Fundamental Limits of Cell Phone Cameras

Chris Dainty

(Xperi FotoNation)

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Date: March 6, 2019


For the vast majority of people in the world, the best camera they have ever owned is in their current cell phone. Sales of phone camera modules approached $30 billion in 2018, almost three times the sales of all lasers, and will soon exceed four times the sales of all lasers. This is one of the most ubiquitous and successful optical devices ever. Fundamental laws of physics limit the performance of smartphone cameras, and these laws act against the marketing-driven aspiration for thinner and thinner camera modules. I shall show that the single most important optical parameter is the lens diameter D.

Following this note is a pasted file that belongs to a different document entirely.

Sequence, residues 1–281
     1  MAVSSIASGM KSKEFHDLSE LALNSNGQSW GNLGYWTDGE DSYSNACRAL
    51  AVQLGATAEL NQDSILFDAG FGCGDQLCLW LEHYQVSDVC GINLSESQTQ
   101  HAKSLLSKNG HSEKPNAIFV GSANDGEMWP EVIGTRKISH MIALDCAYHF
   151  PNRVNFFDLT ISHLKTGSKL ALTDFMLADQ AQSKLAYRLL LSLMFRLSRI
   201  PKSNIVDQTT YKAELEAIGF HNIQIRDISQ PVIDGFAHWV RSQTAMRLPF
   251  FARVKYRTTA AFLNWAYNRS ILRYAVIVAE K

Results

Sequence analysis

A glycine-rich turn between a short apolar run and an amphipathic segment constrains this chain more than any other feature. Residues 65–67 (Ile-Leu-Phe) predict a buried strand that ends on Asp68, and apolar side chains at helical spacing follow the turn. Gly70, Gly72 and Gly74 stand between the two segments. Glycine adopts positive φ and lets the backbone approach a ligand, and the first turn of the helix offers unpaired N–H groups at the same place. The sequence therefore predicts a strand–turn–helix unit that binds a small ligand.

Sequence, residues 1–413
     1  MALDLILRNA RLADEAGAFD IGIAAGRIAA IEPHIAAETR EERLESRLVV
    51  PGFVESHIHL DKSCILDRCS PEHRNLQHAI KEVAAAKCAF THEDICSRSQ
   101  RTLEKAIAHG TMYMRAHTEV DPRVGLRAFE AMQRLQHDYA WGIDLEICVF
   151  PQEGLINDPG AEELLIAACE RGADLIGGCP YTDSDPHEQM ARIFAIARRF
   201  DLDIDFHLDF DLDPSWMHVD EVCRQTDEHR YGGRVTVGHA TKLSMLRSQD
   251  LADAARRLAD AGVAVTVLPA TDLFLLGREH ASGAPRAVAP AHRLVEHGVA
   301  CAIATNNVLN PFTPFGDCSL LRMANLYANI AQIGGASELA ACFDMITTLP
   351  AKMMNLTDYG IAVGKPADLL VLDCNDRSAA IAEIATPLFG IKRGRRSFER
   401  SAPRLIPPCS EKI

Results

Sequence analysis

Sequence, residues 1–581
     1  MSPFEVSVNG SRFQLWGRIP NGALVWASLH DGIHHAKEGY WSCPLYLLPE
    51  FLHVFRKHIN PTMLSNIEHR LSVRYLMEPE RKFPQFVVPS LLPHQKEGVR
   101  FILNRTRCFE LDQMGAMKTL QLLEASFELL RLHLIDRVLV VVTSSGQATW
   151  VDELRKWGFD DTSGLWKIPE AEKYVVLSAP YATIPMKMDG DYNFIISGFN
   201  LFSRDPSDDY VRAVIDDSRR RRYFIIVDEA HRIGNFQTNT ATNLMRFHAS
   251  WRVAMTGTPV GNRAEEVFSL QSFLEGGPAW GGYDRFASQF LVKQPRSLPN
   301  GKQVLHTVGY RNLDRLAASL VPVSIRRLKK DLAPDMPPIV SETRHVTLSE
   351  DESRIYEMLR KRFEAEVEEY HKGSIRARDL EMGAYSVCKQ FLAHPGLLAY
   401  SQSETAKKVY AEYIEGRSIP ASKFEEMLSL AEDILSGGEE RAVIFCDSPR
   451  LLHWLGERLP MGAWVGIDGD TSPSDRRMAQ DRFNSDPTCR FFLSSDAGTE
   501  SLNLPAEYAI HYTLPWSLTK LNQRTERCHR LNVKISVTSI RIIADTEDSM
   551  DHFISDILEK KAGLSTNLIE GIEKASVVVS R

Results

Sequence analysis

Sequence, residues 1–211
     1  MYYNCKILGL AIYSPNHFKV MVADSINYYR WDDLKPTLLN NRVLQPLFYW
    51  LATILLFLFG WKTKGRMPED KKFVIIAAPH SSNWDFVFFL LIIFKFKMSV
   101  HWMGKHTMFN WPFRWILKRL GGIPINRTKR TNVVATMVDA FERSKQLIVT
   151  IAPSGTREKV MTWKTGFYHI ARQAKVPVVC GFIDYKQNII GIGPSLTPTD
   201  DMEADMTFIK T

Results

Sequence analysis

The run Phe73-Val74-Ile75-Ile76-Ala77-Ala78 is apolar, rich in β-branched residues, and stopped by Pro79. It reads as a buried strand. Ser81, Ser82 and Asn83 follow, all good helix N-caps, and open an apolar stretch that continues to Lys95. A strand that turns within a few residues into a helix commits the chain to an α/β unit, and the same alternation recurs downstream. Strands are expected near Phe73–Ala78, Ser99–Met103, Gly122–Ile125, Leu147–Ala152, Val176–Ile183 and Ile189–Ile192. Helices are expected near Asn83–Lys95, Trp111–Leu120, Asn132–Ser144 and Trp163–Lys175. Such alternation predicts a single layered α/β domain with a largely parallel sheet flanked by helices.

Further Information:

Chris Dainty is consultant with FotoNation in Galway, Ireland, and holds Emeritus Professor appointments at universities in the UK and Ireland. Throughout his career, he has investigated problems in optical imaging, scattering and propagation. In these areas, he has co-authored or edited six books (including “Image Science” co-authored with Rodney Shaw in 1974), >180 peer-reviewed papers and >300 conference presentations. He has graduated 65 PhD students and mentored >75 post-docs. He is a recipient of the International Commission for Optics Prize, IoP’s Thomas Young Medal and Prize, OSA’s C.E.K. Mees Medal and OSA’s Leadership Award. He is a fellow of The Optical Society, SPIE, The Institute of Physics, and the European Optical Society and a member of the Royal Irish Academy. He was President of The Optical Society (OSA) in 2011.

Created: Wednesday, March 6th, 2019